When it comes to Oil and Gas, the KPIs that processing facilities choose and utilize depend on their unique objectives. Even businesses within the same industry may seek vastly different insights from their data. But given the state of O&G in America today, which KPIs often make the cut?
1. Capital project efficiency
Between 2006 and 2013, budgets for capital expenditures into exploration and upstream oil production grew at many E&P firms, but have since failed to deliver on the allocation, according to a report from PricewaterhouseCoopers. Capex concerns have been no doubt exacerbated by steep decreases in per-barrel oil prices then and now.
As the Oil and Gas industry as a whole moves into more challenging drilling and extraction environs, it should consider how to visibly articulate capex project efficiency, a multifaceted measurement that combines adherence to stricter budgetary allowance, maintenance spend, and project overrun as well as creep.
2. Attendance and completion of safety training
Safety is notoriously difficult to track. This particular KPI can give on-site safety managers a peek at potential dangers to come. Oil and Gas needs this now more than ever – according to E&E News analysis of data from the Occupational Safety and Health Administration, severe work-related injuries pertaining to “support activities for oil and gas operations” occurred at a rate of nearly 149 per every 100,000 workers. Severe injury includes amputation, in-patient hospitalization, or loss of an eye.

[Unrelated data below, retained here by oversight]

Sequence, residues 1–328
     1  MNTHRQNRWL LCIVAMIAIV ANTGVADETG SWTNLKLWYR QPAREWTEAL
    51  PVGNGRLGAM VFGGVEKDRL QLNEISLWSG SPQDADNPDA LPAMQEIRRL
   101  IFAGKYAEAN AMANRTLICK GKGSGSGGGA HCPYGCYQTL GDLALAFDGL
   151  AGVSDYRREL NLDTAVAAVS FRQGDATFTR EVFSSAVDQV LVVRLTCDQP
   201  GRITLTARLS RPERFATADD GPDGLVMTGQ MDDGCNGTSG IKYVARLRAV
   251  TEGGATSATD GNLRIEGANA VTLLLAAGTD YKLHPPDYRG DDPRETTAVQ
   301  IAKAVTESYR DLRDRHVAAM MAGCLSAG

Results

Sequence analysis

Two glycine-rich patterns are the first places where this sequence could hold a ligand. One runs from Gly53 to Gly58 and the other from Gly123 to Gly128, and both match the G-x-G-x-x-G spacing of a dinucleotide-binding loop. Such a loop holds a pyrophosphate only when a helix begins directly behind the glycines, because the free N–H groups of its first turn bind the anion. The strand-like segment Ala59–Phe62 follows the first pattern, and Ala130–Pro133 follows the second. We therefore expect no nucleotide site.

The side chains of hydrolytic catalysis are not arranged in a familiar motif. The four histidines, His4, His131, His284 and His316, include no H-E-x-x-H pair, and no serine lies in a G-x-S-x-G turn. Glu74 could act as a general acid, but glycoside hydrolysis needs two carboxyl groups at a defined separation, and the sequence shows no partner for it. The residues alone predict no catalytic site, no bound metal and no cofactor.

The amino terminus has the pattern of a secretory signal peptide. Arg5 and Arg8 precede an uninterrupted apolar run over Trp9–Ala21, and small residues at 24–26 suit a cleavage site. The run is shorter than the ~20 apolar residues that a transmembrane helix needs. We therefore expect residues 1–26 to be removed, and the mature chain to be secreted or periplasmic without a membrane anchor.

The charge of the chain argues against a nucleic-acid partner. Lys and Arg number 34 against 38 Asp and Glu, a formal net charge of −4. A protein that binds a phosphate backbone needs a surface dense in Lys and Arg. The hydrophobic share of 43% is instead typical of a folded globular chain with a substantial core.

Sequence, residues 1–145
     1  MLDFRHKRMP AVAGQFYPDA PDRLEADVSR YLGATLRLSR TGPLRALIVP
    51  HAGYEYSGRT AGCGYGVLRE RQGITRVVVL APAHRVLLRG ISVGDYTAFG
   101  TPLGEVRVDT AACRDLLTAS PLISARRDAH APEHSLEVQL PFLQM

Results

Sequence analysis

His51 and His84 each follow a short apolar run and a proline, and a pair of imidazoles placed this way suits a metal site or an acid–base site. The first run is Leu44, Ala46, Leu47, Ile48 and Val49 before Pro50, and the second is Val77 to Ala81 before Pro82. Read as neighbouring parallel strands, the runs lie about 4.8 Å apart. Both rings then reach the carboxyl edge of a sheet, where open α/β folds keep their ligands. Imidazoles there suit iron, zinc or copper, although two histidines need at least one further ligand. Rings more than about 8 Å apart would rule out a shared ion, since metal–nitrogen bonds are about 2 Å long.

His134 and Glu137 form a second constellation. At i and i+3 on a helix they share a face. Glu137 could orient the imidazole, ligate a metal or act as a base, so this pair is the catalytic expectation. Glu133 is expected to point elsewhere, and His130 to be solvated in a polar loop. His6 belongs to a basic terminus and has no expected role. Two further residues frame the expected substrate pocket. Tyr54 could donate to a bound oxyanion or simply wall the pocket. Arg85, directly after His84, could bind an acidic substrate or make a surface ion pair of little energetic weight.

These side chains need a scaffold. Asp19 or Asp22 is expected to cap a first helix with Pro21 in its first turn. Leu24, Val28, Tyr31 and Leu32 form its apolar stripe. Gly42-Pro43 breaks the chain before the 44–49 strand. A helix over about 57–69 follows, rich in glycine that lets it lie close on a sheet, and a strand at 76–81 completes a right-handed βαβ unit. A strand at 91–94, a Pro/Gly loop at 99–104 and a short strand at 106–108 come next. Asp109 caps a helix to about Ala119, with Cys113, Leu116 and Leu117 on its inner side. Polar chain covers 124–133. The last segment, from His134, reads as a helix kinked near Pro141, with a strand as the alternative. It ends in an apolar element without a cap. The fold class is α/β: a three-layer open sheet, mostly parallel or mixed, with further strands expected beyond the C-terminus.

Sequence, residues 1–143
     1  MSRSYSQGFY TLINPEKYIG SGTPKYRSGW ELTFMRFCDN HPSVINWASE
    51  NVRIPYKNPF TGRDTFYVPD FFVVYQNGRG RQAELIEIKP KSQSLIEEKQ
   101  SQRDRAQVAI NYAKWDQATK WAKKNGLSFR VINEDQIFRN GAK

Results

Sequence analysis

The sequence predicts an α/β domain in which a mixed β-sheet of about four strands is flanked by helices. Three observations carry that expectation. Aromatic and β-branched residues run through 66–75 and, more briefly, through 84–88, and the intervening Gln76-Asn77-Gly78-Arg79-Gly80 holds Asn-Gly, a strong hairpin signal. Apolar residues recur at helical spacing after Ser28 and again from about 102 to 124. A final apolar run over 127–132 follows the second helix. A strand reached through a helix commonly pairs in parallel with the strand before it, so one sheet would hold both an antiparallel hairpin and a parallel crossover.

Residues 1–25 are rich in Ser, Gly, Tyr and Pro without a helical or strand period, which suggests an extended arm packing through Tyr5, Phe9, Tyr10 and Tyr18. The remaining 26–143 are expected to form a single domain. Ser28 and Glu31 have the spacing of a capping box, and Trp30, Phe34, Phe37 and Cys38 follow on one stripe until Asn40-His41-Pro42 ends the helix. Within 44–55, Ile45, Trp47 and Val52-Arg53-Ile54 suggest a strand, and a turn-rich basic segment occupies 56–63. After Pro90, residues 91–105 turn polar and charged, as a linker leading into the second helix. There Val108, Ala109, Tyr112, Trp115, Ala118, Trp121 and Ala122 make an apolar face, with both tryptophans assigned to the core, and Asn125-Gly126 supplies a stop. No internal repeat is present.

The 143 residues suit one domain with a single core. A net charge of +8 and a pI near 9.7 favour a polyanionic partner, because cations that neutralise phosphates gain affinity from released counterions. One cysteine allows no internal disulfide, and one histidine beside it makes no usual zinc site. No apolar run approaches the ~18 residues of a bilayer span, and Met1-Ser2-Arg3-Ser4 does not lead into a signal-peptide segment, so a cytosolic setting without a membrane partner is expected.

It stands to reason that those who undergo safety training courses will act safely and avoid injury. Safety managers must therefore address any barriers suppressing attendance or completion, and KPIs tracking both will alert them to such issues, especially if they monitor the rate at which completion occurs over time. Advocacy for training will ensure investment into these programs pays off as soon as possible, a crucial factor as many O&G companies face tight margins.
3. Leaks per X customers
Midstream oil and gas firms oversee an incredibly long and intricate distribution network, which requires an understanding of its environmental impact. U.S. Oil and Gas companies manage 2.4 million miles of energy-related pipe and 72,000 miles of crude-oil pipe, according to Pipeline101.org, a website maintained by the Association of Oil Pipe Lines and the American Petroleum Institute.
Aligning maintenance spend with environmental regulations requires a deeper look into how often leaks occur, in relation to customer revenue, and which assets incur the highest repair costs.
Although these KPIs have driven success for others, their real value lies in how facilities implement them through continuous improvement initiatives. To speak to organizational management consultants on how to turn KPI insights into actions, contact USC Consulting Group today.